“It was great. I’m getting goosebumps thinking about it now. Just the fact that so many people travelled to it – it wasn’t just people from Stockholm or from Scandinavia or even Europe, it was like people from Mexico, people from South America, Russia, Australia and the only thing that was kind of sad was I didn’t have time to see more people in person because it was the first two shows back together and I’m doing the management and the pre-production for Dismember, I do everything myself. I try to be involved in the shows as much as I can so that everything turns out the best way possible, so I just didn’t have time except for organising the shows and playing them. But, when we started with ‘Override Of The Overture’ and people are actually singing along, that was great.”
Now the hair is standing on the back of my neck! It was a historic occasion in many respects. Did you notice more middle-aged men there than what might have been at previous Dismember shows or had the age demographic of the audience changed at all?
“The day before we played, on the first day of the festival, I was watching Unanimated from the audience and I met a lot of old friends who are my age – all middle-aged with grey hair and no hair and all that – but I was also kinda amazed that I didn’t think the average age of that festival was that high. It seemed like there were a lot of people who are younger who are into this now – a real good spread when it comes to age.”
Was gigging a key driver – or perhaps even the primary one – behind the decision to resurrect the band?
“Yeah. It’s been such a big part of what we do as a band and we are not this stereotypical gloomy, stern kind of band, we are more like the guys for whom half of the reason for actually playing live is that we all travel together and get a good laugh. We play practical jokes on one another and we have a pretty twisted sense of humour … when we get together that’s how we do it. It’s fun to record and it’s fun to make albums and rehearse, but I think we thrive when we play live and when we meet people. All of the band members have always been very interested in travelling and touring and being close to the people who actually come to the shows.”
And presumably it had to be the original line-up or this reunion was simply never going to happen?
“For everybody that was the main thing, that we can’t do it with half the band and we were also like ‘everybody’s still alive, everybody’s still healthy, everybody still plays music to some extent and everybody’s still up for this one more time’.”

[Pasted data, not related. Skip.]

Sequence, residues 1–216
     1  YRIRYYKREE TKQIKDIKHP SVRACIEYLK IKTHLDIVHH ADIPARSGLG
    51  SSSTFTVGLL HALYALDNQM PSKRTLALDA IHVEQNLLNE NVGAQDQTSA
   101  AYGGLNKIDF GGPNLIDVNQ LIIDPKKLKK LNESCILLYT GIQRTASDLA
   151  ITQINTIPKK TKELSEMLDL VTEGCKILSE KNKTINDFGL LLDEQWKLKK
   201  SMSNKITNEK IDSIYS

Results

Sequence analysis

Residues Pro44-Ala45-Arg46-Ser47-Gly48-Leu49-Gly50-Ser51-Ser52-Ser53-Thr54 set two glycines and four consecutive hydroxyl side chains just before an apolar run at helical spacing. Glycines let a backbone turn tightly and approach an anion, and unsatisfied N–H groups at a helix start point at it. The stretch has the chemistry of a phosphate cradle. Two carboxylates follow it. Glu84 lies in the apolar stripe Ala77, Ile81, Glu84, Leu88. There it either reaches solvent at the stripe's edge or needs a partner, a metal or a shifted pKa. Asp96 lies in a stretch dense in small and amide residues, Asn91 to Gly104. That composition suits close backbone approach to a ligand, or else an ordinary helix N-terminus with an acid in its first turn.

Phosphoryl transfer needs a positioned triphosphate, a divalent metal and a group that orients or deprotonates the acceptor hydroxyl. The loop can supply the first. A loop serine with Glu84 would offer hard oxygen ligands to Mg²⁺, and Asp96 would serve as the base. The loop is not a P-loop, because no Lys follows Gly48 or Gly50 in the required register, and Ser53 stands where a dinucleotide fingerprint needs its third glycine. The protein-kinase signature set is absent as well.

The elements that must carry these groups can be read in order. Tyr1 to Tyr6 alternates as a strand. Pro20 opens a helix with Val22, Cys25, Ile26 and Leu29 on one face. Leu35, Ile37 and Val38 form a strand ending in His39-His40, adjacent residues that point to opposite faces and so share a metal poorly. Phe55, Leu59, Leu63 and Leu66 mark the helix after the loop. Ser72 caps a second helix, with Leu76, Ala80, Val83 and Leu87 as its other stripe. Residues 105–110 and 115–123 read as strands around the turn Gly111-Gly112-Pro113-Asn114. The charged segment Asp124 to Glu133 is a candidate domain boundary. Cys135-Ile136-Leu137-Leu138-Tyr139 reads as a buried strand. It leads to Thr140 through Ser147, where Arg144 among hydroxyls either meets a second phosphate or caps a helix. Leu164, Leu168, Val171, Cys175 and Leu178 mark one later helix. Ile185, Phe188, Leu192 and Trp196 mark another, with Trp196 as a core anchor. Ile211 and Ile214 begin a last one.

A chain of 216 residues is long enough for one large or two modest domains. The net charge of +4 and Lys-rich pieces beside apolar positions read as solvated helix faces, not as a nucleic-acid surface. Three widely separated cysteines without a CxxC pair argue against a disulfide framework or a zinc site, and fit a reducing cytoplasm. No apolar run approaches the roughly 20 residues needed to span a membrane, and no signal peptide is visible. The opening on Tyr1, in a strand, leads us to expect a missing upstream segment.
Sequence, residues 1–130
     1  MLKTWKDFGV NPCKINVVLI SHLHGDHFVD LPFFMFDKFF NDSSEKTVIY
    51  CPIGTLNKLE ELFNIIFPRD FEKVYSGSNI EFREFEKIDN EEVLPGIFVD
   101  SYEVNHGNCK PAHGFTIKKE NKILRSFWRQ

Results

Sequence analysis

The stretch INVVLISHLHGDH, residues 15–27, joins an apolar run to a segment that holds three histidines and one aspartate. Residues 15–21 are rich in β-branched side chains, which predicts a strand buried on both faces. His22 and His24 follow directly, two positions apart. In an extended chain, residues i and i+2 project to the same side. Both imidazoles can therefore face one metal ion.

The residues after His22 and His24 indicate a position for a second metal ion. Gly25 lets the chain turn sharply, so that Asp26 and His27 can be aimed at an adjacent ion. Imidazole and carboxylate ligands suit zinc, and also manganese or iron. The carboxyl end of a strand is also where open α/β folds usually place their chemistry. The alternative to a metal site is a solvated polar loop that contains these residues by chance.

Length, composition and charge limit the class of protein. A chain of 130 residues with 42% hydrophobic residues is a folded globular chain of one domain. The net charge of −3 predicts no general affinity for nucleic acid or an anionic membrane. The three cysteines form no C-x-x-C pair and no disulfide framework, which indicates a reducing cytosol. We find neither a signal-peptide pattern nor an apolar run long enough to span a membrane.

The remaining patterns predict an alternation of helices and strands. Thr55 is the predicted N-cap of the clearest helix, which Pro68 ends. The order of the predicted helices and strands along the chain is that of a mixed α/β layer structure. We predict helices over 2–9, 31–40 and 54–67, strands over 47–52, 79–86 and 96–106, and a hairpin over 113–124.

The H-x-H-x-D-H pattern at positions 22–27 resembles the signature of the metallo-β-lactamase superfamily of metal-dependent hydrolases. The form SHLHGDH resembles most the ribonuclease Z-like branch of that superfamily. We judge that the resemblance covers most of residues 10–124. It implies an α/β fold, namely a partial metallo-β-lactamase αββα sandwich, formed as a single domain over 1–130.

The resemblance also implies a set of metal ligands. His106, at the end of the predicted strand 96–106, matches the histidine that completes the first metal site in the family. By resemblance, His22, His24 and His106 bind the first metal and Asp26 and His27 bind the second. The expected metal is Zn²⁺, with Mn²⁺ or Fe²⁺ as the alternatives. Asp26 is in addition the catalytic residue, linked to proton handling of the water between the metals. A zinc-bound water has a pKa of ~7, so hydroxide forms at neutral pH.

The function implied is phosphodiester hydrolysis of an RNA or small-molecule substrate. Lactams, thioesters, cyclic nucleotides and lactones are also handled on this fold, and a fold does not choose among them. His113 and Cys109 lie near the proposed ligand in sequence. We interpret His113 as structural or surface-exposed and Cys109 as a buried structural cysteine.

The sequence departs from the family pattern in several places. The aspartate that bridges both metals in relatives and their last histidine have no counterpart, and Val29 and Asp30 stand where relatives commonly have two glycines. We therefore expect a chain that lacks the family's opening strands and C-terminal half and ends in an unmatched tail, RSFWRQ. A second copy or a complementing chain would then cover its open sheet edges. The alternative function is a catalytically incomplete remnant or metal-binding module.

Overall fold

Going back to the decision you made to bring Dismember back from the dead, obviously this was not a choice you took lightly but rather something you thought long and hard about. Your legacy in the Death Metal Hall of Infamy was assured, so nobody could have blamed you if you left well enough alone. You could have easily done a Pink Floyd and left your legacy untouched and not bothered to come back. Ultimately, what was the motivation behind the decision? There must have been an instinctive feeling that the story wasn’t completed yet?
“This band has always been very democratic, except for maybe at the start when I was kind of like the main driver and dictator type, but when you grow up you realise that if you want to make this work properly and everybody’s into it then make it a democracy and everybody’s got a say in it and everybody will contribute. That’s what we accomplished pretty early on as a band and we made sure we had the right sort of music and all that, and that we wouldn’t lose that. All of that made us feel that maybe we could do it again. We were kind of a little bit sceptical about how interested people really were in seeing us back together because when we toured a lot in the late ‘90s / early 2000s, yeah there was interest and there was kind of like a second wave in early 2000 and people were like ‘yeah come out’ and so many people were interested and there was this new generation of Death Metal fans but you are still wondering ‘do people really want to see you play?’. Because we had a hiatus there before from maybe 2000 up until maybe 2003 or something and we went back on the road and it was fun and it was great and we saw new faces and all that but we were struggling. We were touring a lot and really trying to make it happen but we couldn’t live from it. It was tough and not that many people came out to the shows. It felt like everything was pretty saturated, so we were very sceptical for many years after we split up. If we were going to go back to do this, it had to be really good and if there’s not enough money to make a budget for a decent show – or a great show, as we wanted – then what’s the point? It took a lot of people to convince us that the scene had changed and that there were more people into old school Death Metal. It also helps to see this new wave of old school Death Metal bands who are doing the same thing that we did back in the early ‘nineties and to see that they have a good following.”